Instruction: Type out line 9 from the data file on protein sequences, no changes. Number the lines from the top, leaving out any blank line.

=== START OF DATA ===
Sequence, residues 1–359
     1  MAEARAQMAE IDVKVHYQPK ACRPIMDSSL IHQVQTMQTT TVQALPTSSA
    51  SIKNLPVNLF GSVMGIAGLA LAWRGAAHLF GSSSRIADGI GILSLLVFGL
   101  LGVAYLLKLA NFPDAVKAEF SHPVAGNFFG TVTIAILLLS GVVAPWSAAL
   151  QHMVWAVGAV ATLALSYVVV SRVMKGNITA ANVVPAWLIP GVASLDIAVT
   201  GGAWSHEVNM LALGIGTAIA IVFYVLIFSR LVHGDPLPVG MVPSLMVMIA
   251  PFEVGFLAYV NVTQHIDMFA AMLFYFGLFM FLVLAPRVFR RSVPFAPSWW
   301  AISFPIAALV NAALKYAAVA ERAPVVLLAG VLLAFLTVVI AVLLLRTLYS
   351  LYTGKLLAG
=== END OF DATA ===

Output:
   351  LYTGKLLAG